‘Peers Against the People’: Rees-Mogg Slams ‘Cave Dweller’ Anti-Brexit Lords

Rees-Mogg
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Leading Brexiteer MP Jacob Rees-Mogg has said peers working to frustrate Brexit in the House of Lords are “contemptuous of democracy” and “out of touch with the people”, calling them “cave dwellers”.

On Wednesday, the Lords passed by a strong majority an amendment to the European Union (Withdrawal) Bill, forcing ministers to report to Parliament on their efforts to keep Britain locked in a customs union with the EU.

It was just one of 388 amendments proposed by unelected peers that could frustrate or reverse Brexit, which was voted for by 17.4 million people.

“The customs union is a means of trying to stop Brexit happening,” the Conservative MP and chairman of the European Research Group told Julia Hartley-Brewer on Talk Radio.

“Keep us in the customs union, keep EU tariffs, keep close align with regulations – it means we don’t really leave.

“And you saw this in the House of Lords… Peers receiving large pensions from the European Union voting to protect their vested interests.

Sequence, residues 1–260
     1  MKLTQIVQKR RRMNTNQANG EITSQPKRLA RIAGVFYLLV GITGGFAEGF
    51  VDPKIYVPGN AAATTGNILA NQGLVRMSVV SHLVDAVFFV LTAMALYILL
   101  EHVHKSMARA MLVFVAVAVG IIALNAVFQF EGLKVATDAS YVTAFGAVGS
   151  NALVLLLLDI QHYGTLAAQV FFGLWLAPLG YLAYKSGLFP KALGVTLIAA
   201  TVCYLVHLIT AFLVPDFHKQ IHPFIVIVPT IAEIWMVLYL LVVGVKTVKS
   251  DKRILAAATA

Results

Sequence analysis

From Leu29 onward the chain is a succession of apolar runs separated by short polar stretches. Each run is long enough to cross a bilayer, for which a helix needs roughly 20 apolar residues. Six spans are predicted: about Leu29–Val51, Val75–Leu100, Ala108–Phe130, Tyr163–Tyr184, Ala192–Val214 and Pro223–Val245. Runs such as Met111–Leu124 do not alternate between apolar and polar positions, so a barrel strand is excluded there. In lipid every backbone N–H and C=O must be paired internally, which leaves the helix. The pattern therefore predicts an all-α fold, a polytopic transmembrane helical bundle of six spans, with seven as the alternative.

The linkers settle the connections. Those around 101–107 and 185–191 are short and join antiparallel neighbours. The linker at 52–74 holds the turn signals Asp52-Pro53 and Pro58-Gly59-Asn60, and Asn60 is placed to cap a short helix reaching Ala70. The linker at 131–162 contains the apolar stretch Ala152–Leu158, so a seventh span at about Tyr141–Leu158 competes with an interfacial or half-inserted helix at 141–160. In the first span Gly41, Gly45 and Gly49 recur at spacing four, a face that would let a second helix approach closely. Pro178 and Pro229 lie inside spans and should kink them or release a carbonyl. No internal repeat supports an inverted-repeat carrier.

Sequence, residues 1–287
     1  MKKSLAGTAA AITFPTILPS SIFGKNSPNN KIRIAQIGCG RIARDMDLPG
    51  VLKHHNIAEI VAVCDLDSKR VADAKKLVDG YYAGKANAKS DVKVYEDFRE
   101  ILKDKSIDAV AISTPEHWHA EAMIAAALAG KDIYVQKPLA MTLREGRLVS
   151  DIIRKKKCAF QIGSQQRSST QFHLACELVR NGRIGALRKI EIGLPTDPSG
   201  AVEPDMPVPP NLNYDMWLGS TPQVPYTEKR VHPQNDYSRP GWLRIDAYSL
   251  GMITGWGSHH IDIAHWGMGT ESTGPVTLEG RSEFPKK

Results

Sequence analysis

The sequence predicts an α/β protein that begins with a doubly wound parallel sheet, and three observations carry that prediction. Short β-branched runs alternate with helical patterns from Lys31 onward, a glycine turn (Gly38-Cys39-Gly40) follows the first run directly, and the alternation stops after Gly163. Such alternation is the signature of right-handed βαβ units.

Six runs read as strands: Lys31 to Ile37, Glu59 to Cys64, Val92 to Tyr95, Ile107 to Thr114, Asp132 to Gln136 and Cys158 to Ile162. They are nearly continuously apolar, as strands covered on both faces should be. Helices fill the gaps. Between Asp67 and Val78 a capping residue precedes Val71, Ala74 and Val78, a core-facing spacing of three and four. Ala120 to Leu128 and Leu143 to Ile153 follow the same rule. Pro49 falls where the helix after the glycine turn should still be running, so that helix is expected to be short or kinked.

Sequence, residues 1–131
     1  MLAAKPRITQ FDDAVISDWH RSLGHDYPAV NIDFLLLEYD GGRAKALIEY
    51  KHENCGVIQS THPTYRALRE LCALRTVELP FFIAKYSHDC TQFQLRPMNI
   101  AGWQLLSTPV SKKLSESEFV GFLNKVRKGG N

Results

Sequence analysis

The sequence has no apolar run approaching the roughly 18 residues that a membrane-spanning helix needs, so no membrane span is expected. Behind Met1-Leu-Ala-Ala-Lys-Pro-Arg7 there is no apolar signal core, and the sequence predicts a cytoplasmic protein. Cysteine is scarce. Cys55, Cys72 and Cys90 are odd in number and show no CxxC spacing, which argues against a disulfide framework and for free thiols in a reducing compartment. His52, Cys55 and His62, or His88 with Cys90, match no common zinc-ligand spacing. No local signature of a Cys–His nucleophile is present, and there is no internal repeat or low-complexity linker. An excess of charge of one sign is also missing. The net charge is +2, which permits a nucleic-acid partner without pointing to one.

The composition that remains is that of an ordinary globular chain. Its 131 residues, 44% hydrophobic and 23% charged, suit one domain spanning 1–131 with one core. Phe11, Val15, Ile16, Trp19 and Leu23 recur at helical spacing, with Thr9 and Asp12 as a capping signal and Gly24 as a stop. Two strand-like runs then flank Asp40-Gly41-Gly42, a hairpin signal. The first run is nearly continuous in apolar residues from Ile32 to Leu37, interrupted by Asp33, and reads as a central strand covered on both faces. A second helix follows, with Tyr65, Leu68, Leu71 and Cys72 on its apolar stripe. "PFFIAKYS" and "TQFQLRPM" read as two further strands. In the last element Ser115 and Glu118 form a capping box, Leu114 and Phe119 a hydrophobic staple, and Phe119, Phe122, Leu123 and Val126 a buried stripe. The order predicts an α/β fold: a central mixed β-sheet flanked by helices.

“Consistently, polls have shown, that 60 to 70 per cent of people have accepted the result [of the Brexit vote] and want us to get on with it.

“There are a few cave-dwellers in the House of Lords who are committed to opposing Brexit altogether, who want to keep us in, who never liked the vote to leave, who are contemptuous of democracy, and they are increasingly out of touch with the mood of the British people.

“It is the peers against the people,” he said, adding: “And ultimately the people will win.”

Some peers appear to agree with Mr. Rees-Mogg, with former minister Lord Forsyth reminding his colleagues before the vote that they are an “unelected house” and calling the amendments “a campaign putting peers against the people”.

The Lords vote was quickly followed by MPs, including senior Tories, moving to force a Commons debate on staying locked in a customs union on Thursday afternoon.

Inside a customs union, Britain would be unable to control its trade policy and strike trade deals with partners like the United States, Australia, and New Zealand, as well as emerging markets elsewhere.

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